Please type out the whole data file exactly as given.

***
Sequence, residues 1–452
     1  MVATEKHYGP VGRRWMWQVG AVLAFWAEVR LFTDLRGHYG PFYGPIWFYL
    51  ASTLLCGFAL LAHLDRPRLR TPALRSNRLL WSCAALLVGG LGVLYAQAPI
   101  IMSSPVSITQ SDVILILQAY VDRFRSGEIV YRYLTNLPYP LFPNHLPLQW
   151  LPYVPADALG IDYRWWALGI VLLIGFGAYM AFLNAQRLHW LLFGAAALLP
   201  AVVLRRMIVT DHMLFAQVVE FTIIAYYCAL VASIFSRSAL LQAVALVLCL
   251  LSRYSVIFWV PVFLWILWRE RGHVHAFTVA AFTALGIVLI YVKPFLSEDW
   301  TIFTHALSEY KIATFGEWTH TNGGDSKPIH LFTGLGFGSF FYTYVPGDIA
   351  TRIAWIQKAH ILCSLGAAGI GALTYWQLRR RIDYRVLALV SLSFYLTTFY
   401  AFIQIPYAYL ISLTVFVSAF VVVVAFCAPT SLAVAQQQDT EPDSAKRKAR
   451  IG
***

Sequence, residues 1–452
     1  MVATEKHYGP VGRRWMWQVG AVLAFWAEVR LFTDLRGHYG PFYGPIWFYL
    51  ASTLLCGFAL LAHLDRPRLR TPALRSNRLL WSCAALLVGG LGVLYAQAPI
   101  IMSSPVSITQ SDVILILQAY VDRFRSGEIV YRYLTNLPYP LFPNHLPLQW
   151  LPYVPADALG IDYRWWALGI VLLIGFGAYM AFLNAQRLHW LLFGAAALLP
   201  AVVLRRMIVT DHMLFAQVVE FTIIAYYCAL VASIFSRSAL LQAVALVLCL
   251  LSRYSVIFWV PVFLWILWRE RGHVHAFTVA AFTALGIVLI YVKPFLSEDW
   301  TIFTHALSEY KIATFGEWTH TNGGDSKPIH LFTGLGFGSF FYTYVPGDIA
   351  TRIAWIQKAH ILCSLGAAGI GALTYWQLRR RIDYRVLALV SLSFYLTTFY
   401  AFIQIPYAYL ISLTVFVSAF VVVVAFCAPT SLAVAQQQDT EPDSAKRKAR
   451  IG